How have biology and culture shaped the evolution of word-meaning?
Can we find evidence for social skills in non-human animal species which are prerequisites for word learning?
Does neural processing of vocalizations share similarities across species?
Can non-human animals represent speech sounds similar to humans, i.e. do those have a referential meaning?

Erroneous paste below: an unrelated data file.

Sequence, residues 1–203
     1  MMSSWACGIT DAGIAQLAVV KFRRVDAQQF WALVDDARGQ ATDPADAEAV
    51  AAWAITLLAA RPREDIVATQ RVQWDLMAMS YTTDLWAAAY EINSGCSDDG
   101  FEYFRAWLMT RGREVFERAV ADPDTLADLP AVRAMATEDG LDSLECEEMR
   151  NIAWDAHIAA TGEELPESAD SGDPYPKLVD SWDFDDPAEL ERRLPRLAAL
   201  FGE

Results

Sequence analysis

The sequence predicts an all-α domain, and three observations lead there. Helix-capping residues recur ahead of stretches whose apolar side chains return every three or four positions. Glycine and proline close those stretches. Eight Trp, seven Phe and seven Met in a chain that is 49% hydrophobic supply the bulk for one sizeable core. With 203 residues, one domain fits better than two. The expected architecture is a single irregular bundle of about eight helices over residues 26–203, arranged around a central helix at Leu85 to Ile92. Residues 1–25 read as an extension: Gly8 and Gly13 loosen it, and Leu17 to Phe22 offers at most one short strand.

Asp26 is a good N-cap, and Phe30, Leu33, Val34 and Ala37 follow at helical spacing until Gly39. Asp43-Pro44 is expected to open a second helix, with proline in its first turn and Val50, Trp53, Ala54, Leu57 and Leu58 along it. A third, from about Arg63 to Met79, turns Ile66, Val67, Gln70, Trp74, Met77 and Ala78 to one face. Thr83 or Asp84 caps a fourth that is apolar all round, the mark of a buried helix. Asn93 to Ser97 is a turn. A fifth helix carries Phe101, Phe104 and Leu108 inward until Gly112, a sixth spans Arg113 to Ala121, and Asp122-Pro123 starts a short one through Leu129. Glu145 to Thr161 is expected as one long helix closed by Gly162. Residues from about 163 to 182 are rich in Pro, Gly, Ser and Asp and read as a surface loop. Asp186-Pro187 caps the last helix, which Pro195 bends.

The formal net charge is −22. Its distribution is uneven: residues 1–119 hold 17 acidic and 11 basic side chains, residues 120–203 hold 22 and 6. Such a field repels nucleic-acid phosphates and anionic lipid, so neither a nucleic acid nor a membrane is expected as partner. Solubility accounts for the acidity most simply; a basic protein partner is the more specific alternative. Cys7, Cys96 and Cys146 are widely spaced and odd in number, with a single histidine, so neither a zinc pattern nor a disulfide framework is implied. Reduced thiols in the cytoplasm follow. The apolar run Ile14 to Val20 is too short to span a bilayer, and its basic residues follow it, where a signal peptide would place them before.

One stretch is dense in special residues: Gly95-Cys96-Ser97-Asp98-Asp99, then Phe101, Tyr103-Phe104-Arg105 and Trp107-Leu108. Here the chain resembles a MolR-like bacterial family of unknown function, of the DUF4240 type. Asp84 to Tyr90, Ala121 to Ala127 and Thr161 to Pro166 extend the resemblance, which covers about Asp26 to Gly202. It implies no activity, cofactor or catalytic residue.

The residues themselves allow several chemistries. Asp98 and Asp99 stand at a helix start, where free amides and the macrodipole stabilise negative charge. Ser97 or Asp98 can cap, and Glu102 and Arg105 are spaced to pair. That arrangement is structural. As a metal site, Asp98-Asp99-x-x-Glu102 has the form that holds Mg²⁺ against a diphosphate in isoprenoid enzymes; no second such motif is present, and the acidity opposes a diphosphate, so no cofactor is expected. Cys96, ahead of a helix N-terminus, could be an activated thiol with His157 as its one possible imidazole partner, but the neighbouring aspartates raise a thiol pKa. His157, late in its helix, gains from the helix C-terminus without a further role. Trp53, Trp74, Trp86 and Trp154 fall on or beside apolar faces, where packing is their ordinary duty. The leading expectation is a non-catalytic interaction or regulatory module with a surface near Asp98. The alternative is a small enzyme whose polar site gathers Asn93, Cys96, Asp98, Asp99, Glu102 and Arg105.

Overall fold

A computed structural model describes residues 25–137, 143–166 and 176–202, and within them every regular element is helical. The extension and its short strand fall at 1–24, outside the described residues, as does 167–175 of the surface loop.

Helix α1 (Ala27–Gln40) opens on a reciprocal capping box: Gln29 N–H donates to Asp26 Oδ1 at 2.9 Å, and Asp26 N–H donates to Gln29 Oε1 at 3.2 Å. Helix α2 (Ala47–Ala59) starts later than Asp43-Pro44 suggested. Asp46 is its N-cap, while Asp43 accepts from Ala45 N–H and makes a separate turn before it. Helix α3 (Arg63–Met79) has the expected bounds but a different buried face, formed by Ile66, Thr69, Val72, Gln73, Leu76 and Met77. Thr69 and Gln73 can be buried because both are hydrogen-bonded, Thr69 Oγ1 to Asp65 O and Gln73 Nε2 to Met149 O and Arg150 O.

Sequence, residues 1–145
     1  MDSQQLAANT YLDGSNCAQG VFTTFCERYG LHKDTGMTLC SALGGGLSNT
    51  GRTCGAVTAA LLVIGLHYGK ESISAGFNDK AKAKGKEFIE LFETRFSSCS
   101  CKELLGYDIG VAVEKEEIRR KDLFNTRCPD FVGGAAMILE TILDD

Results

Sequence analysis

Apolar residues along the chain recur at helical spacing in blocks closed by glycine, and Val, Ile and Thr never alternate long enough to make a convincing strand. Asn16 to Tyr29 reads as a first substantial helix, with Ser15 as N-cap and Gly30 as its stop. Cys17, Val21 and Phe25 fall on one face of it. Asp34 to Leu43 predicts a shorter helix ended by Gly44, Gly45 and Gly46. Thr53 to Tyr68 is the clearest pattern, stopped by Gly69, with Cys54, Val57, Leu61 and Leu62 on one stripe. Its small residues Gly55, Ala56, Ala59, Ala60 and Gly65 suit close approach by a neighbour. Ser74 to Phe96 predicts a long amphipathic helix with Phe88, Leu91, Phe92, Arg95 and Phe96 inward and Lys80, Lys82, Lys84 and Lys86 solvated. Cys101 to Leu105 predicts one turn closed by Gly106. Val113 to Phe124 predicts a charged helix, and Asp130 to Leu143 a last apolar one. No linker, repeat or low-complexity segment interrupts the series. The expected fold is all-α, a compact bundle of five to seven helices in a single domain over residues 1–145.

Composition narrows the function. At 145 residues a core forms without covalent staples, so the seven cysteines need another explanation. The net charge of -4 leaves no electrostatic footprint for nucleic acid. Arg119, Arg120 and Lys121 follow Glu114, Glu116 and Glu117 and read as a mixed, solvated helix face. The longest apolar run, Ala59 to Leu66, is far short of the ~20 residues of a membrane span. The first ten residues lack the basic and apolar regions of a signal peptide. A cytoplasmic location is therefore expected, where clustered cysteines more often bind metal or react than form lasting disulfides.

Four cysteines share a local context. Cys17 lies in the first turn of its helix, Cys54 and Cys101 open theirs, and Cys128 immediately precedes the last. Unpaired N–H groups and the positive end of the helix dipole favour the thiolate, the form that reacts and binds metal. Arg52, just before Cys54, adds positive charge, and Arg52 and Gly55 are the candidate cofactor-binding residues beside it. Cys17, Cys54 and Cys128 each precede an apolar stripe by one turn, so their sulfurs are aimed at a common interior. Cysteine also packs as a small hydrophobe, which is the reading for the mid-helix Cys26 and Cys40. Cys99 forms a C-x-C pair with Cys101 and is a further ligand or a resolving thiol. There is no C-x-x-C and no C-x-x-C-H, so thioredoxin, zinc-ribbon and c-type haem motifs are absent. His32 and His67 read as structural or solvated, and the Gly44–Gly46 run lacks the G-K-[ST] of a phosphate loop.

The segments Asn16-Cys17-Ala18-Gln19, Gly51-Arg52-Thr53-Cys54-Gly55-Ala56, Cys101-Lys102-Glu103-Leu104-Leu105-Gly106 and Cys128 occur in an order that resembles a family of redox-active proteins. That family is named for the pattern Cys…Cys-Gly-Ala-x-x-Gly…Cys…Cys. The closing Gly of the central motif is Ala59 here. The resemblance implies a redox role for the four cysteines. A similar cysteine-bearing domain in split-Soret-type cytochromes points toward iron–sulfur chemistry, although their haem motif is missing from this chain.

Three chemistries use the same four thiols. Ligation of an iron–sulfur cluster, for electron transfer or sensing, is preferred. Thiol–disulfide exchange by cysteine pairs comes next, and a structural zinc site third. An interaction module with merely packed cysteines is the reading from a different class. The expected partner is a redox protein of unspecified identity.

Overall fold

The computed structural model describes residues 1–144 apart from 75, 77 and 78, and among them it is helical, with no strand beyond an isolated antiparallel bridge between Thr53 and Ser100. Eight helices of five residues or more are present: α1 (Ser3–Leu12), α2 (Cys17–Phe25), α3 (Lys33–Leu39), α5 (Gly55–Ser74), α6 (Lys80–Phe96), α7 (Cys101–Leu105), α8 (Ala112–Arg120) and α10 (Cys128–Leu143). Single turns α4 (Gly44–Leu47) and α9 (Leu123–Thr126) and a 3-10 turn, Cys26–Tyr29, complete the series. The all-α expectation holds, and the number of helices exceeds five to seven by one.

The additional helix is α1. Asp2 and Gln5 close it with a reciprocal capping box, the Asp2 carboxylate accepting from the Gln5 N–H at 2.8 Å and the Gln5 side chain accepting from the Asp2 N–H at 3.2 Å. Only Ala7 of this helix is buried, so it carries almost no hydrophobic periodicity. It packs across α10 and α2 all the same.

To answer these questions we study the communication skills of three mammalian species (human, dog and pigs) using brain imaging and behavioral studies.
In our research, we focus on three main aspects of communicative behavior:
- Social, interspecific skills which do not involve vocalization or verbal comprehension
- Vocal processing (e.g. emotional content of speech and animal sounds)
- Emergence of lexical representations (e.g. word-acquisition, statistical learning of speech sound regularities)